It’s even for employees to be able to request these sessions as and when they are needed so that they can be utilized to full effect.

Where possible, information from these sessions should be sensitively used to improve conditions in the workplace to avoid similar issues in the future.

How Great Employee Mental Health Helps Your Business

The pursuit of great mental health in the workplace is a clear moral requirement – but it also helps your company’s continuing success. Here’s why:

Lower Staff Turnover

Every year, companies lose a certain number of man-hours to the recruitment and training of new employees. This is unavoidable to some extent – but you can reduce it by providing the best possible environment for existing employees.

Investing time and effort in staff mental health will improve employee retention levels, as fewer people will feel forced out by sub-par conditions.

Better Quality of Work

Mental health leads to greater productivity among employees – plus, the work they undertake is likely to be of better quality.

Staff members who feel supported and cared for are usually more loyal to their employers – plus, their concentration and stamina will be greatly improved as a result of a good sense of wellbeing.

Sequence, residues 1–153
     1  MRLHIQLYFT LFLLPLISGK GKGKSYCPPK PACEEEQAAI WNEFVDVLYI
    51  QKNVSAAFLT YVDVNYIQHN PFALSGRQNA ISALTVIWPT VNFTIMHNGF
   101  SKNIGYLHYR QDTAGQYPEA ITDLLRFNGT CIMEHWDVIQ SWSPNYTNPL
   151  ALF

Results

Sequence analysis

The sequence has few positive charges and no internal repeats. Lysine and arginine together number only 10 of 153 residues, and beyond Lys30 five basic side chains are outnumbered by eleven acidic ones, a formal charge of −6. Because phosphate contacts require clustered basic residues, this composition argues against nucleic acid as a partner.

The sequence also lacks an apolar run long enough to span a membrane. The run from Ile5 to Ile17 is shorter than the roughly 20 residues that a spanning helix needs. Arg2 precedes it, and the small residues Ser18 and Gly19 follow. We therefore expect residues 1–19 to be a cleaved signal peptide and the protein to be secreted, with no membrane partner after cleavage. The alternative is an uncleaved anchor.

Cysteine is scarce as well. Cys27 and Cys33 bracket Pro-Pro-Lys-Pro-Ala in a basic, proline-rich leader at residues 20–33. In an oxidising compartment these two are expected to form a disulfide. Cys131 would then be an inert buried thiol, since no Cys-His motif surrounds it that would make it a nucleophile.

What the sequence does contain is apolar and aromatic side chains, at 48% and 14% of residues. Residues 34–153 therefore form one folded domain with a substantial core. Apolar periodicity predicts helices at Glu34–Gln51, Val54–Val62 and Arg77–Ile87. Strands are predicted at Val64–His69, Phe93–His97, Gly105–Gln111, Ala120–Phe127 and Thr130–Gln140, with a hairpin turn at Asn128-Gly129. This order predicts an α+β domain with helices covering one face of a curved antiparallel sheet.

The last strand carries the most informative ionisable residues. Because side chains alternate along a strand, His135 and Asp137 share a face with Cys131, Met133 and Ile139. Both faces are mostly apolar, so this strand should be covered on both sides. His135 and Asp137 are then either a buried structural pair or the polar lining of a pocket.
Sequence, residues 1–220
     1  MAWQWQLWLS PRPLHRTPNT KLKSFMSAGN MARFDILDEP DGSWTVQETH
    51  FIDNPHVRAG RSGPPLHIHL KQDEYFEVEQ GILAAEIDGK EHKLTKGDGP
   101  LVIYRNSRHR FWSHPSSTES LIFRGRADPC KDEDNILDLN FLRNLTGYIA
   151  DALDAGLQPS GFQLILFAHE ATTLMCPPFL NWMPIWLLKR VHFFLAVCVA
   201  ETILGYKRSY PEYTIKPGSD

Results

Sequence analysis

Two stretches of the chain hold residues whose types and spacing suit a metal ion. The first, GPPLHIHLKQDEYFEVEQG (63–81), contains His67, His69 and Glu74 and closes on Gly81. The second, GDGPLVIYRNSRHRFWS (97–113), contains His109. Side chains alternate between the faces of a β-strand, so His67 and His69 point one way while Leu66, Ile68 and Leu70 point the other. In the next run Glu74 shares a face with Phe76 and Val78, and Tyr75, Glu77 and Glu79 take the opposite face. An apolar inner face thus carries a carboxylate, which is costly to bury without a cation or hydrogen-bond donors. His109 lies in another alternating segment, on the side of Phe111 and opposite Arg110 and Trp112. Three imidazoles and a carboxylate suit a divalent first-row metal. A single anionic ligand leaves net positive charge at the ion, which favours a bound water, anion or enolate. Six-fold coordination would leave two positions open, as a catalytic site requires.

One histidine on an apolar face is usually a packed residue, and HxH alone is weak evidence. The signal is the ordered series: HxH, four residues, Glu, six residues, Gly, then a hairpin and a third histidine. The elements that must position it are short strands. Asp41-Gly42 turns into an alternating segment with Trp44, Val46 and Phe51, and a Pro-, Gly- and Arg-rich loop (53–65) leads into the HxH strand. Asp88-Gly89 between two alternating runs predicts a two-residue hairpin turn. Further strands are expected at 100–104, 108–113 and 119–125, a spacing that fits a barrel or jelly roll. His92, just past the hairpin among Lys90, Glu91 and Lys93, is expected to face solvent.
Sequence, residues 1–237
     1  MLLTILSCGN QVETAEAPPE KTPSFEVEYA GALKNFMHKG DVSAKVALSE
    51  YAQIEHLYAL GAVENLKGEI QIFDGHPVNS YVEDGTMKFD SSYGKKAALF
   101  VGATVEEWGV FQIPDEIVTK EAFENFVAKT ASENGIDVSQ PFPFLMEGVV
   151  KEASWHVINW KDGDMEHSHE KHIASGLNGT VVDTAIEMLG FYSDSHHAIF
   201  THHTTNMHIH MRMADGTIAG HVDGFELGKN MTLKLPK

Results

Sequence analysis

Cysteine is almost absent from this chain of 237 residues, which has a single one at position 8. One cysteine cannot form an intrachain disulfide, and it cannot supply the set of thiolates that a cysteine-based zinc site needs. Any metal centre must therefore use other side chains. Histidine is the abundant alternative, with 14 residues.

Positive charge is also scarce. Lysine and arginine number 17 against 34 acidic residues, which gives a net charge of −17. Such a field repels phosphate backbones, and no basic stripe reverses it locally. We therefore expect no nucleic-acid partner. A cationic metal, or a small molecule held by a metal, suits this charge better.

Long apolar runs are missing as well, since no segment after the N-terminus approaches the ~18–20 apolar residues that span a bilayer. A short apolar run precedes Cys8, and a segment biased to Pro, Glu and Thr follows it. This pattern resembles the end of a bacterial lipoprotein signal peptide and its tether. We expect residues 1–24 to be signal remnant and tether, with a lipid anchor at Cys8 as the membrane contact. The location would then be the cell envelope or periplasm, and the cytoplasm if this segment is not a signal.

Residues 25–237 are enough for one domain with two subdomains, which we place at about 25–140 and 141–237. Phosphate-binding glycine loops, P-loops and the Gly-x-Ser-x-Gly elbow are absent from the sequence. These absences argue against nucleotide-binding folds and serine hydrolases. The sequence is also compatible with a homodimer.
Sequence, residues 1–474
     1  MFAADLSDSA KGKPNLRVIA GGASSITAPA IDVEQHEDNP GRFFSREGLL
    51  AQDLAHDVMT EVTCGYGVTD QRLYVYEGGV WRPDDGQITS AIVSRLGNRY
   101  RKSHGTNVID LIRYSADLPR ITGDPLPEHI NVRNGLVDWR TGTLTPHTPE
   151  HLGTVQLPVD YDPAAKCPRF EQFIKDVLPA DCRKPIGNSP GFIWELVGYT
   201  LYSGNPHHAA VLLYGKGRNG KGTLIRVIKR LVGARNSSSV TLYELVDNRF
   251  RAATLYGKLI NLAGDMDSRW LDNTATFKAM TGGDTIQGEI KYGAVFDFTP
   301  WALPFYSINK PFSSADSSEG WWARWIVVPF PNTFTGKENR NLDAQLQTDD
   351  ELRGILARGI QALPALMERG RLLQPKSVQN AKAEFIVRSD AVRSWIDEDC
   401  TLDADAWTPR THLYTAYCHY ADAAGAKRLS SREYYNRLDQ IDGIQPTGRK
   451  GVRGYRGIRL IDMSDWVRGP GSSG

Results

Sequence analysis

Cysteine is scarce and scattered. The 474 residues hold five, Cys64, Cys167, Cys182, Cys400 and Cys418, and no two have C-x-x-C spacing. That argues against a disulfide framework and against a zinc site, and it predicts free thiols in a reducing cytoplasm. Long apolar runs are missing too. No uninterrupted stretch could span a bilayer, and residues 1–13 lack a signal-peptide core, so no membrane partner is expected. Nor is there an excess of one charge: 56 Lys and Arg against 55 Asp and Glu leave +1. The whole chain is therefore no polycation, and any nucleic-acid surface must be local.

Improved Reputation

Companies that neglect the mental health of their staff risk severe damage to their reputation.

Public criticism of their methods will be likely, meaning fewer people will want to support them – either by working for them or by using their products or services.

For the above reasons, a strong approach to employee mental health is vital when it comes to your company’s success.

Make a start today by following the suggestions at the beginning of this article, and see what you can do to create a positive and proactive work environment for the benefit of your brand and its staff.


Leon Howard is a freelance writer who creates quality and original content. He is working for the company ICOholder. He believes that creativity and improvement are things, which distinguish a good writer.